Whether your team is partly or entirely virtual, you need to consider the specific situation of each team member and appreciate that not one size fits all.

Solution: accommodate diversity

Virtual teams are diverse teams. If you learn how to accommodate the differences you’ll be much better positioned to take advantage of the unique perspectives and fresh ideas that come from a team made up of lots of different team members.

It’s crucial to talk to your company’s HR team to familiarise yourself with applicable laws, policies, or standards in the countries your employees work in. Having a shared notebook, in a platform such as Evernote, allows all this information to be saved and shared with teammates for easy reference.

Most importantly, talk to your teammates and find out if their needs and those of your team align.

For example, if you have a teammate in another country, learn the business etiquette for working in that country. The Executive Planet Guide and Swissôtel Etiquette Map are great places to start.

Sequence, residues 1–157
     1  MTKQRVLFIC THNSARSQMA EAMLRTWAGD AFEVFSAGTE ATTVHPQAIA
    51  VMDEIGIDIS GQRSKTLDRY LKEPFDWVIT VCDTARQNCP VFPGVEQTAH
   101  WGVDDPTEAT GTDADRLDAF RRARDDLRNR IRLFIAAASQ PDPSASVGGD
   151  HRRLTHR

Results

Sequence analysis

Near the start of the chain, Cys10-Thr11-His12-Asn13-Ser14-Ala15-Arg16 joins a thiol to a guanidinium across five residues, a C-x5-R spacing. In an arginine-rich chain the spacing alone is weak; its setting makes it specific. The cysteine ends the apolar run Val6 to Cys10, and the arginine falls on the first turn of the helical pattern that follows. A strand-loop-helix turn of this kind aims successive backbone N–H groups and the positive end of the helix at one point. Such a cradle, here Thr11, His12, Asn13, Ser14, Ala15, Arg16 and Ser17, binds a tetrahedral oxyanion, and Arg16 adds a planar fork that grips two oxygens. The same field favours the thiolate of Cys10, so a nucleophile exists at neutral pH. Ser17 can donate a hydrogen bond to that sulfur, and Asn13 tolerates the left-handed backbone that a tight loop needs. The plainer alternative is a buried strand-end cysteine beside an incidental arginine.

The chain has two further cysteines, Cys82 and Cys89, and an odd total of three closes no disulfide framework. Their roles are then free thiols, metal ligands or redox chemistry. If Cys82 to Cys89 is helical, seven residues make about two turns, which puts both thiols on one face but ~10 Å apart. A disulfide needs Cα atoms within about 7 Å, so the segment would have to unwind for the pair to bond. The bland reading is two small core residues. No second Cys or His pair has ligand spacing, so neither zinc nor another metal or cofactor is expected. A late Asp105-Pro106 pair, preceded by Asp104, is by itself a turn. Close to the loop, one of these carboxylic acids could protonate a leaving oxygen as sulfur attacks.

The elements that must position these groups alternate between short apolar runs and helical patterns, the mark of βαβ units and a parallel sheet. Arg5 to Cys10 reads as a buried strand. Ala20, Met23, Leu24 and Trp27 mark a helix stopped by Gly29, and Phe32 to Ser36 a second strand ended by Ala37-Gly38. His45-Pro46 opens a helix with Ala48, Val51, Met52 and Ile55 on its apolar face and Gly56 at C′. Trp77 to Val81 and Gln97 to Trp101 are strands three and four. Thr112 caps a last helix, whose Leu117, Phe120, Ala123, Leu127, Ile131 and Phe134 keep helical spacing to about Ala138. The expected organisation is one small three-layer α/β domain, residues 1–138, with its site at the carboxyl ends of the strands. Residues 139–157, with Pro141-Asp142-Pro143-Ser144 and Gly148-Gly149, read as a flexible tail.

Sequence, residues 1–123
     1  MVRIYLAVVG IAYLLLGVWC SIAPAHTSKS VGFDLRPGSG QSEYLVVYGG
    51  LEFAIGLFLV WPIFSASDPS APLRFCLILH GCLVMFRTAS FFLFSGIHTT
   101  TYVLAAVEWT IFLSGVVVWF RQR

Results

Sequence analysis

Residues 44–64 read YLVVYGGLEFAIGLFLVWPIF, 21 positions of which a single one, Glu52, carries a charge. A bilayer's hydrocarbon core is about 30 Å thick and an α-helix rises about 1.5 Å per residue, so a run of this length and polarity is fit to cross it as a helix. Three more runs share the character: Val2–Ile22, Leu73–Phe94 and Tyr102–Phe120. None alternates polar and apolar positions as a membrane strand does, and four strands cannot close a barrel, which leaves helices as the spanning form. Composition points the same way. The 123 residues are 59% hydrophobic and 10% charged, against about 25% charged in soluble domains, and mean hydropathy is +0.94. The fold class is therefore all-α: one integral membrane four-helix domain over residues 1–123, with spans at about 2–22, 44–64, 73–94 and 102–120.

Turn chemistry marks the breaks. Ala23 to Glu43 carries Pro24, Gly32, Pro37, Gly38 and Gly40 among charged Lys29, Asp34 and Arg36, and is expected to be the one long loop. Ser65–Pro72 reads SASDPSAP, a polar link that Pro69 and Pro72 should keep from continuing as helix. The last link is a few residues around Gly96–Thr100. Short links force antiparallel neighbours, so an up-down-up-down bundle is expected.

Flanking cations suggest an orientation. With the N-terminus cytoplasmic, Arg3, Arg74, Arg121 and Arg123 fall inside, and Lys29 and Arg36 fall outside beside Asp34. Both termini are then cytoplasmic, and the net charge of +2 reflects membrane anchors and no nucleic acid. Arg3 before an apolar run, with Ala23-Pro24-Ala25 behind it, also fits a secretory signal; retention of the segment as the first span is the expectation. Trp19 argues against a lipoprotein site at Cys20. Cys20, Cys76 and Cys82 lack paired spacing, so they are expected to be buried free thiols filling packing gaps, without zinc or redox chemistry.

Issue: poor communication

Misunderstandings are five times as likely to happen when we move away from face-to-face conversations and that’s because a lot of human communication is nonverbal.

When we talk face-to-face, we pick up meaning from visual cues like facial expression or body language, or paralinguistic cues like loudness or hesitation. Without nonverbal cues we lose context that can help us understand what a person means.

In a new virtual team, it’s important for everybody to meet in person as early as possible and agree how they will work together.